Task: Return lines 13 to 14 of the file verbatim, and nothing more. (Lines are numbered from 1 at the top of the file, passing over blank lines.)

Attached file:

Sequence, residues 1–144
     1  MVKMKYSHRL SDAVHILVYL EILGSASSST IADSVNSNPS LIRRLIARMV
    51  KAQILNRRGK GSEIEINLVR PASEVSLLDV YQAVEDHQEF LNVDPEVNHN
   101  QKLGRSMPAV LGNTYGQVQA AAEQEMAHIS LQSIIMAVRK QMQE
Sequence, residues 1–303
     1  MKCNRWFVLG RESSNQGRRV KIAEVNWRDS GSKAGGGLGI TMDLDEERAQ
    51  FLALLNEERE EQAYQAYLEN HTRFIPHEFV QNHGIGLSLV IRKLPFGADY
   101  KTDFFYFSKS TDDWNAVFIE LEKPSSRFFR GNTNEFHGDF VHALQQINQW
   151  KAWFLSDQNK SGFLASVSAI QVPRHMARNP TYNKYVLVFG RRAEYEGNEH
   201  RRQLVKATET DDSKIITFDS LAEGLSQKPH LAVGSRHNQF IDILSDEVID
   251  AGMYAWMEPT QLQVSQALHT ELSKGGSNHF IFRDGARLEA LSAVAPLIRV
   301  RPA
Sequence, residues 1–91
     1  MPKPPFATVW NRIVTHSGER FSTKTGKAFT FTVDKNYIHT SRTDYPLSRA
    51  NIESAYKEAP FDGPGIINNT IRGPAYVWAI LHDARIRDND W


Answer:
Sequence, residues 1–91
     1  MPKPPFATVW NRIVTHSGER FSTKTGKAFT FTVDKNYIHT SRTDYPLSRA